2007-01-14

The poor and Q — literary vs historical paradigms

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by Neil Godfrey

One point used to support the case for Q is Luke’s ‘more primitive’ version of the beatitudes:

‘Blessed are the poor/hungry’ is said to be less (spiritually) developed than Matthew’s ‘poor in spirit/hungry for righteousness’.

On the other hand Luke’s ‘poor’ and ‘hungry’ seems to me to fit in seamlessly with his preceding motifs. Compared with Matthew Luke could be said to be tailoring a gospel for the literal poor:

  • in place of kings and wise-men we have lowly shepherds at Jesus’ birth, and an old man and a widow at his circumcision;
  • rather than in a house or inn the infant Jesus is found in a manger;
  • Mary describes herself as lowly;
  • Jesus opening message in Nazareth is said to be specifically sent ‘to the poor’;
  • in this same opening message Jesus honours a leprous and a widow gentile;
  • John the Baptist demands sharing with and care for the poor and hungry;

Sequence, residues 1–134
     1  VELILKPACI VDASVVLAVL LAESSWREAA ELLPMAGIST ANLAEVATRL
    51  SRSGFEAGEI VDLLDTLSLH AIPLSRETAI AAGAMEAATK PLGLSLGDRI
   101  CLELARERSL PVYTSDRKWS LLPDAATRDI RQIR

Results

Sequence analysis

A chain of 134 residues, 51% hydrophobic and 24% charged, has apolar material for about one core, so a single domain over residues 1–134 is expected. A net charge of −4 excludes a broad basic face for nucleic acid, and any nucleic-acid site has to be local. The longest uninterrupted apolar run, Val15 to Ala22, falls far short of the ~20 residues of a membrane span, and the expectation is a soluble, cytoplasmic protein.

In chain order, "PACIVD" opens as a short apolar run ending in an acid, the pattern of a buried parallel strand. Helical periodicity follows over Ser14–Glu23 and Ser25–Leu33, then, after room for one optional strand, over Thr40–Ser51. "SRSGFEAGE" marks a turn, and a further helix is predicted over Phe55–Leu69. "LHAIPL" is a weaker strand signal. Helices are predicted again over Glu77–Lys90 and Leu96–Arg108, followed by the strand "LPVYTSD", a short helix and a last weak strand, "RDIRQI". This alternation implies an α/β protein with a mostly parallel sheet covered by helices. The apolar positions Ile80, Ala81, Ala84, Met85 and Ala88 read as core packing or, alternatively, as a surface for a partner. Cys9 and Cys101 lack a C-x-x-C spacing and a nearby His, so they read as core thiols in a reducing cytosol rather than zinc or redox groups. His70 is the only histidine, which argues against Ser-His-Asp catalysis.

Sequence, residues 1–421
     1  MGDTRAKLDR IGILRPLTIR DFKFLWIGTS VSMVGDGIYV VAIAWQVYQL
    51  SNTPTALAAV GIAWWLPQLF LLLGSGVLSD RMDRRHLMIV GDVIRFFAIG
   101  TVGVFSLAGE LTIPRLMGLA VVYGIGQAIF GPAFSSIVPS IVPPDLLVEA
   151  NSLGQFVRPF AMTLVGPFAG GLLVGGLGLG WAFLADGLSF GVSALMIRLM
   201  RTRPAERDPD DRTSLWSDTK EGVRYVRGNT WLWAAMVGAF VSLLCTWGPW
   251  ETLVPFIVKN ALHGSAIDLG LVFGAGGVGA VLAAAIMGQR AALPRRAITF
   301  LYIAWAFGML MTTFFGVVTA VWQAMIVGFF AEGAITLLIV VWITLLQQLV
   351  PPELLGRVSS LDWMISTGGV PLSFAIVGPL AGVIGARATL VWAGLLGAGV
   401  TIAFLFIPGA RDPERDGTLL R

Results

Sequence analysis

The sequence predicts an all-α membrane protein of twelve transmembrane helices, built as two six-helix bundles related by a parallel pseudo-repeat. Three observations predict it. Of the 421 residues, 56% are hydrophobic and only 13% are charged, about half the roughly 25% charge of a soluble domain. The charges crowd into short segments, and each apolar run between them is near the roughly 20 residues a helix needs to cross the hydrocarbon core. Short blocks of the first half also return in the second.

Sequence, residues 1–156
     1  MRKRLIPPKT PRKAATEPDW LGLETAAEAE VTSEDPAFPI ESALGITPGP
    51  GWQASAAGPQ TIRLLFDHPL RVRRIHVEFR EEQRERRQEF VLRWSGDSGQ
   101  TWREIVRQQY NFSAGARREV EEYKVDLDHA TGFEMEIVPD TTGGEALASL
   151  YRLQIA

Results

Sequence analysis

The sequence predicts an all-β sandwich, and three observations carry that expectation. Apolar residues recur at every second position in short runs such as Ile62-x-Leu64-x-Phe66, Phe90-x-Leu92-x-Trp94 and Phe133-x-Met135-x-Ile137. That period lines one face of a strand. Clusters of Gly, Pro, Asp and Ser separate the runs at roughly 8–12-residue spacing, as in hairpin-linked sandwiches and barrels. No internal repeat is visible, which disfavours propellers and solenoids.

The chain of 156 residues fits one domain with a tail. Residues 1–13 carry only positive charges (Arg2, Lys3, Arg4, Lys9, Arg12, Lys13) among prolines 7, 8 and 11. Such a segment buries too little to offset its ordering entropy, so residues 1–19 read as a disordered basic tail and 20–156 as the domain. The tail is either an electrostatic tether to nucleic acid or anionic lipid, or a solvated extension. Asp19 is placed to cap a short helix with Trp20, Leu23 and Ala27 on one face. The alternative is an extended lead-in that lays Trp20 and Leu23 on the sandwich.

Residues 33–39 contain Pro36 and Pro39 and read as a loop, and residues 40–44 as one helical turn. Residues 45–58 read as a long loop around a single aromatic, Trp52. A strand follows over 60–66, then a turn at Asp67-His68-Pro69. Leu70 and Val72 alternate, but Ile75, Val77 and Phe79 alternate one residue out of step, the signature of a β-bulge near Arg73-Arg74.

• Jesus’ genealogy is not traced through the wealthy and wise Solomon but through Nathan.

So when we read in this context “blessed are the (literal) poor and hungry” is it not simpler to see Luke’s beatitude being born of the broader themes of the gospel than to postulate that it’s variation from Matthew’s points to an earlier form? So why the preference to see the beatitude as a “more primitive” version of Matthew’s “poor in spirit” and as evidence of a prior source, Q? One reason may be the preference for scholars to find intermediary evidence for Jesus between the late first century gospels and the time of Jesus; another complementary one may be the reluctance to read the gospels as literary works in their own right and through the framework of literary analysis, preferring to treat them rather as “historical records”. Both reasons suggested here would suggest a paradigm bias underlying the scholarship.

Neil


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Neil Godfrey

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